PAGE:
A fresh slice of homemade bread is one of the best things in the world, but it never lasts long. During the summer months and warmer climates, mold often devours our baked goods before we will be able to finish them!
I can’t believe how quickly those hours of dough-making, kneading, folding, and baking have been gone.
So, how do you keep bread from molding? Mold can grow on bread if it is not stored correctly. Store your bread in a bread bin, cloth bread bag, or even a paper bag. By storing it in an airtight container, you will reduce the chances of the bread being damaged by excessive heat, sunlight, and oxygen.
To help you prevent bread mold growth, we have made this ultimate guide.
Mold requires certain elements to grow and multiply, and various methods to remove them. Following that, we will examine the best methods of storing data and another trick that can help slow the growth rate.
What Creates Mold?
Understanding the causes of mold on bread is the first step in preventing it from growing. This will avoid the initial factors, extending the shelf life.
On bread, there are many kinds of mold that grow, but they can all be found on other foods.
By consuming organic compounds on a food item’s surface, mold spores form in the absence of oxygen. By consuming organic compounds on a food item’s surface, mold eventually forms.
Penicillium, Cladosporium, and black bread mold are the most common types of bread mold. Each of them forms and grows in the same way.
An oxygen supply, water, nutrients, temperature, and time are four factors that greatly influence the growth of mold.
As mold grows, it must first find a food source that is moist. Moist ingredients can be found in both raw and cooked foods.
Which would you most likely see mold on, if compared to a strawberry, or dried pasta? Strawberries, obviously! That is because the spores can grow and multiply in the moist environment there.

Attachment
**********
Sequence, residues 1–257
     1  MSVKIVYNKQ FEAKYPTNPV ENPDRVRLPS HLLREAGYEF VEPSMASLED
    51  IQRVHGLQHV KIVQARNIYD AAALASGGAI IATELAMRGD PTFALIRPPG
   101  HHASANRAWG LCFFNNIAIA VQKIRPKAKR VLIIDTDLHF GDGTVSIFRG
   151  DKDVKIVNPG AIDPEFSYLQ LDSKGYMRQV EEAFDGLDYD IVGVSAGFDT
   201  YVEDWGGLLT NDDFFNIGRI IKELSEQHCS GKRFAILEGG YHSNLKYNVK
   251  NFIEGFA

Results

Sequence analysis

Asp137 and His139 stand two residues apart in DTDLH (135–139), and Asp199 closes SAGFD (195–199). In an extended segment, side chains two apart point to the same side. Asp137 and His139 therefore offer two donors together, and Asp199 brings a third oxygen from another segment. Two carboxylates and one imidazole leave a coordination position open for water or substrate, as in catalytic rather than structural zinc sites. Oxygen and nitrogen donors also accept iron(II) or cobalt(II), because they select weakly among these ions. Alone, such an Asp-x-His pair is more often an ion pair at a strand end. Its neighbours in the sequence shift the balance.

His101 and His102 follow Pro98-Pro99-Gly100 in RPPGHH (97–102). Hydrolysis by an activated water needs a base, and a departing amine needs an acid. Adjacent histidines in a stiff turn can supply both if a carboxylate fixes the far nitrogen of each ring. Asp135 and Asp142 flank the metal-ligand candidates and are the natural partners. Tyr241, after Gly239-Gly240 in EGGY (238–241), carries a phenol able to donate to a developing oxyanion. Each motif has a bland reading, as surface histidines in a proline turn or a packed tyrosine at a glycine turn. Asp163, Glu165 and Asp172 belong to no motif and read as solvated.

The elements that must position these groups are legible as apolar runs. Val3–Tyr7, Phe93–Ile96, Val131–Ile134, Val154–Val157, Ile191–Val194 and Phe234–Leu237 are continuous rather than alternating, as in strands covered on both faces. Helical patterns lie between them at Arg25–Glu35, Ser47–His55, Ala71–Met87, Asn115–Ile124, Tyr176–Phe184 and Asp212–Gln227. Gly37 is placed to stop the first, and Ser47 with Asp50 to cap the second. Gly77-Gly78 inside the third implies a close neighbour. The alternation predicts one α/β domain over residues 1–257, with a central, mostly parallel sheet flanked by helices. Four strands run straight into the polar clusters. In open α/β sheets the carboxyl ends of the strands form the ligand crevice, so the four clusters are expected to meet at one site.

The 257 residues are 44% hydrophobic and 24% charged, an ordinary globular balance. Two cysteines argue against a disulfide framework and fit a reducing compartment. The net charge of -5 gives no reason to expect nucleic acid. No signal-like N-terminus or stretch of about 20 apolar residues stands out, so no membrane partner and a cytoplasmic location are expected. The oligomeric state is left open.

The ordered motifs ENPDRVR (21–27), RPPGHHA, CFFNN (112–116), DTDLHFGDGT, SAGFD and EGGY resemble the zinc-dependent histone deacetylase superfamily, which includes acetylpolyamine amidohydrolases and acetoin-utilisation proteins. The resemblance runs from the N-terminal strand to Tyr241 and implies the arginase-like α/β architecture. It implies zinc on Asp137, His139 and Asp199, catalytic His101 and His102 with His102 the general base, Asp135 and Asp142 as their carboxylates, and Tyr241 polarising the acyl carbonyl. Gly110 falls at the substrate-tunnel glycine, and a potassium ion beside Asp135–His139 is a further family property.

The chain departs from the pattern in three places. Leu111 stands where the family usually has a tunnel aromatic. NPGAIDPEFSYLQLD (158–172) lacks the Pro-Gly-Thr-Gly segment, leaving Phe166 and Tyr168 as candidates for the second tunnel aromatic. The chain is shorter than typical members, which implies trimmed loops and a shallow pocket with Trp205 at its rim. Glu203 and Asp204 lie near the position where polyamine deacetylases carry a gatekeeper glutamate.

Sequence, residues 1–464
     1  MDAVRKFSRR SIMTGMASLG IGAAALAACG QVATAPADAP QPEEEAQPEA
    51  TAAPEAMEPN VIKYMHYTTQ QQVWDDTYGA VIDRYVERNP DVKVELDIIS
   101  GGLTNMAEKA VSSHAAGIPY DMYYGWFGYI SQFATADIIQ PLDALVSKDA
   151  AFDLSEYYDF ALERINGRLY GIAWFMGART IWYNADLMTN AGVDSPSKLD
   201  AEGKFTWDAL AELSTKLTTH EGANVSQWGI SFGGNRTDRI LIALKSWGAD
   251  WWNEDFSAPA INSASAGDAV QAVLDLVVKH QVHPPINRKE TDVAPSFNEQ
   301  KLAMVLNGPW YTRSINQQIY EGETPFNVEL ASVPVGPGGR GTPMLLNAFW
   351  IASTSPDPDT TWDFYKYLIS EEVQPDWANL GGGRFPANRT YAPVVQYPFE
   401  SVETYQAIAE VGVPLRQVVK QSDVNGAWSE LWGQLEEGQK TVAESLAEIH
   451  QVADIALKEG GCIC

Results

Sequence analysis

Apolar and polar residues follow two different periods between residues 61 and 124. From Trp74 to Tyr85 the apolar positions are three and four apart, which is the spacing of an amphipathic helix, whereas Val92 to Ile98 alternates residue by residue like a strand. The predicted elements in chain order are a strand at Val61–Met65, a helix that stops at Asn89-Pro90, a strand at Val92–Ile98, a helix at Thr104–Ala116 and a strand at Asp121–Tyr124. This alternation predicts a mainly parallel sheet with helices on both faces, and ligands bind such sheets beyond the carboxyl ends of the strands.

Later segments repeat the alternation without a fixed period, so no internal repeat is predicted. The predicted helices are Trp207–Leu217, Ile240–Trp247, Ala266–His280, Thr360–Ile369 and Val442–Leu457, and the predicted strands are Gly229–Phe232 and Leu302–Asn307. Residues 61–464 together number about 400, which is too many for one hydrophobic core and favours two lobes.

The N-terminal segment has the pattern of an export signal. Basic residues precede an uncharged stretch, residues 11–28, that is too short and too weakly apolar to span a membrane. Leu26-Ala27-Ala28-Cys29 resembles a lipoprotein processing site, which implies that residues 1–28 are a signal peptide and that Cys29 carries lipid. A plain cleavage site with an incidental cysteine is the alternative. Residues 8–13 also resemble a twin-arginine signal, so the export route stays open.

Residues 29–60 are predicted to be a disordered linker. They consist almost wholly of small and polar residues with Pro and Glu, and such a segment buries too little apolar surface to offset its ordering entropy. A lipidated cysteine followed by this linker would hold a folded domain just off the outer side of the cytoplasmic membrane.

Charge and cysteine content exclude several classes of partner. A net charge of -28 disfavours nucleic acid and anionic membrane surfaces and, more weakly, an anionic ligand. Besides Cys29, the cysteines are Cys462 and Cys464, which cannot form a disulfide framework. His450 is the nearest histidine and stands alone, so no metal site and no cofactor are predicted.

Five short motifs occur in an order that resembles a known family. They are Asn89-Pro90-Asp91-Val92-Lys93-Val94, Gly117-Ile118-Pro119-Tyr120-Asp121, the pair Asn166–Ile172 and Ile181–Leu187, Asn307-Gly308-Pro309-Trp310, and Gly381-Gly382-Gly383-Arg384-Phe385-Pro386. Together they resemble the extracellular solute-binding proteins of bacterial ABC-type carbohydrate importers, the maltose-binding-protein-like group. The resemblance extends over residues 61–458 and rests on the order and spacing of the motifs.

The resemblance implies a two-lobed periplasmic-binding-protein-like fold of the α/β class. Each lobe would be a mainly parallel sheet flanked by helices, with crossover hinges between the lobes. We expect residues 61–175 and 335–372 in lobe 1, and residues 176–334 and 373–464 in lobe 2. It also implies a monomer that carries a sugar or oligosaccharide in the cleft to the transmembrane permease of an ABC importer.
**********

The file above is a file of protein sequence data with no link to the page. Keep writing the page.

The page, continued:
Nutrients are also found in moisture. The spores are more likely to grow on sweet ingredients, like strawberries, compared to dried pasta.
Different types of bread are susceptible to this principle; banana bread laden with sugar will grow mold faster than brown bread.
In addition to water, mold requires oxygen. In order to thrive and survive, spores require oxygen. By eliminating it, they will grow significantly slower!
Food is stored at a particular temperature, which is essential. Microbial growth differs depending on the temperature.
Between 40 and 140°F (4-60°C) there is a danger zone. Almost anything stored in this range will become moldy.
In order for mold to grow best, room temperature should be between 68 and 72 degrees Fahrenheit (20-22 degrees Celsius). Mold will grow the fastest here and make bread more susceptible to spoiling.
At freezing temperature, most molds will die; the colder it gets, the slower the mold will grow.
In the case of mold growth, time is also a factor to consider. In unfavorable conditions, ingredients can grow mold if left out for too long.
How to Prevent Mold from Growing on Bread
It is possible to prevent or at least delay the growth of mold on bread by removing even one of the above-mentioned factors.
Bread can be stored in an airtight container or in an oxygen-restricted area to remove oxygen. Keep your bread in cooler areas and outside of the temperature danger zone to control temperature.
Furthermore, your bread should be eaten as soon as possible to prevent the spores from multiplying and growing.
We’ll share some of the best strategies you can use to extend the shelf life of your bread and prevent mold from growing!
Did you ever wonder what a breadbox was for? In addition to looking more aesthetically pleasing, they are actually more effective at eliminating some mold-growth factors than plastic bags.
Bread is protected from the light by these boxes. Temperature is raised inside the bread bags by light, and moisture is also added.